Public Memorial in Lisburn to the Ulster Defence Regiment

 

The Facts…

 

Background

The Ulster Defence Regiment was formed on 1st April 1970, and over the years, more than 50,000 men and women from all walks of life served in its ranks.  In all, 260 serving and former members were killed, and over 400 wounded, many of them off-duty, at their homes or workplaces.

 

Memorial

The trustees of the UDR Memorial Trust felt it appropriate that a suitable memorial be erected in memory of all those men, and women, who served in the Regiment in both a part- time and a full-time capacity.

 

This significant and impressive piece of public art is intended to be a fitting tribute to their courage and dedication to duty, as well as a recognition of the sacrifice and stress which their service brought to their families.

 

Since 2005, the Trustees of the UDR Benevolent Fund, and all other parties in the project, have approached this important historical memorial with all due diligence, integrity and sensitivity.

 

Lisburn

The Regiment was originally formed in Lisburn, and it is therefore most appropriate and historically correct that the Memorial is being erected there. The trustees are very grateful that Lisburn City Council has leased the small piece of land for the Memorial to be erected in Market Square. This proposal to lease the site for a UDR memorial was the subject of an equality impact assessment by the Council, and received overwhelming approval.

 

Concept/ Design

The sculpture is designed in the classic tradition of public military memorials, as already seen elsewhere in Lisburn, throughout Northern Ireland, the British Isles and the western world.

 

In terms of artistic creativity and impact, we feel it ranks among the best of its genre. As regards quality and technical production it is of the highest order.

 

It features a UDR Soldier and Greenfinch, depicted operating a normal vehicle checkpoint… one of the most mundane and “everyday” duties of UDR soldiers during the troubles.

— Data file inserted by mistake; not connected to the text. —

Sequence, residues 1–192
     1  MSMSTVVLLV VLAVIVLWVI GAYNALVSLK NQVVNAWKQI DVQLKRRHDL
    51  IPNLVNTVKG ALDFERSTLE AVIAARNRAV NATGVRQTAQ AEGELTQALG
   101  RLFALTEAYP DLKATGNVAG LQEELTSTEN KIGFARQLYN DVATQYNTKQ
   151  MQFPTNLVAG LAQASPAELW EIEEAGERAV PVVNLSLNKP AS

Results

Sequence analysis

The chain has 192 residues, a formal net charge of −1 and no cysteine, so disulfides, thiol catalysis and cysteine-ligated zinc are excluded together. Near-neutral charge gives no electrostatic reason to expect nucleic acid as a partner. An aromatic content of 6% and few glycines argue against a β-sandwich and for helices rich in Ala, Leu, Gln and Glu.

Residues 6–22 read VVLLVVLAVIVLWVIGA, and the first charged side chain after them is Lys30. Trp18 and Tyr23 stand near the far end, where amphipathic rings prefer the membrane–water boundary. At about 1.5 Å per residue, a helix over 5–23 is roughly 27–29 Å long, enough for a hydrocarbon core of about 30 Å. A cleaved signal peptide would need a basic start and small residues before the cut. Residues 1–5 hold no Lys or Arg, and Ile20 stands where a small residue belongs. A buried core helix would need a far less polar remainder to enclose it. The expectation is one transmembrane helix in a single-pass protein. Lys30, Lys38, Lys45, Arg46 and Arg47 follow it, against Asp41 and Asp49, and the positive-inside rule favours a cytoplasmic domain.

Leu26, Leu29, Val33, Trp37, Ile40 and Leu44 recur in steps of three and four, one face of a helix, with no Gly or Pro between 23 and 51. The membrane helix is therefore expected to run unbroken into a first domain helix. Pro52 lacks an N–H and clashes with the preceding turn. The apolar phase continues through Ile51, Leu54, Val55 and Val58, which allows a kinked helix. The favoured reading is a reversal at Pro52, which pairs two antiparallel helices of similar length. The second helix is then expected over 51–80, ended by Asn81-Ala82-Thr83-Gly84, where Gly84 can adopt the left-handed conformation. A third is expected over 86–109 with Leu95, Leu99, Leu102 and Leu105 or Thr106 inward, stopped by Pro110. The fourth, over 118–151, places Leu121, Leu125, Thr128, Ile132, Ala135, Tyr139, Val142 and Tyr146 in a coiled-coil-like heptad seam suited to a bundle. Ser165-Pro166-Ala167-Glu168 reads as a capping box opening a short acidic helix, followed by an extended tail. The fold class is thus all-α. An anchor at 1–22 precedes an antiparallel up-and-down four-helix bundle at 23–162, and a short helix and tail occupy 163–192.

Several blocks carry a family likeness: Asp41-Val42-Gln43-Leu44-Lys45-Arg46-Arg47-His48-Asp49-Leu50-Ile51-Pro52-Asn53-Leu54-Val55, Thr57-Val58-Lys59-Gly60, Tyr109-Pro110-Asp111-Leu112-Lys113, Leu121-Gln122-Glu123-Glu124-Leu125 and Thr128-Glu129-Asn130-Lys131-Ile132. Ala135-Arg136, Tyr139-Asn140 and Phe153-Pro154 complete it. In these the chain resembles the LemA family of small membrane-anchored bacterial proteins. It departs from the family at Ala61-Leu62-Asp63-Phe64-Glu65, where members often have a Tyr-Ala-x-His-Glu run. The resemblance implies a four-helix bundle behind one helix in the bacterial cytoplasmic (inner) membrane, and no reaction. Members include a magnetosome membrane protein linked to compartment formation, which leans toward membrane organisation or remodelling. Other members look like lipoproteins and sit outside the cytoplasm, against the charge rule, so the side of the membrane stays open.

The purpose of the vehicle “check-point” or “road-block” was for the reassurance and protection of the general public. It was one of the most familiar sights on our roads for over 30 years…and became almost a part of the daily landscape.

 

The sculptor took this everyday scene and presents it as an achieved artistic icon which happily is now a part of our history.

 

The Memorial Trustees deliberately chose this familiar scene from our troubled past to ensure that the memorial was not only appropriate, but non-threatening in any way. 

 

 

Scale

The actual bronze sculpture of the UDR soldier and Greenfinch will be one and a half times life-size…about 9ft high.  They will be positioned on a 10ft high plinth, so that, when viewed from the ground, they will appear smaller… approximately life-size. The overall sculpture and plinth are in carefully considered proportion to the general dimensions of the site and the context of Market Square.

 

Funding/ Costs

The entire project has made no demand whatsoever on the public purse. The complete cost and maintenance of the memorial will be sourced from UDR charity funds, supplemented by public appeal.  The UDR Memorial Trust is now seeking that support from the public and from former serving soldiers in raising funds towards the Memorial. 

 

Unveiling

The target date for the unveiling and dedication of the Memorial is Summer 2011, and more information will be made available in due course.

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Enclosed

Please send an email with your postal address for a copy of the brochure cf our fund-raising effort

 

 

For further details contact     udrassociation@btinternet.com

 




 



 

Addendum:

Some reports and cropped/ edited photos have given readers the wholly incorrect impression that the memorial will somehow be over-powering, threatening or offensive.

 

Any suggestion that this piece of sculpture could be interpreted as, or is designed to be threatening or intimidating is completely absurd.

 

As for the suggestion that a memorial would be fine if it were behind closed doors, or in a barracks, the 50,000 men and women who served in the UDR were on public duty, on the public roads, and on the public payroll, so it is entirely appropriate that their memorial is public.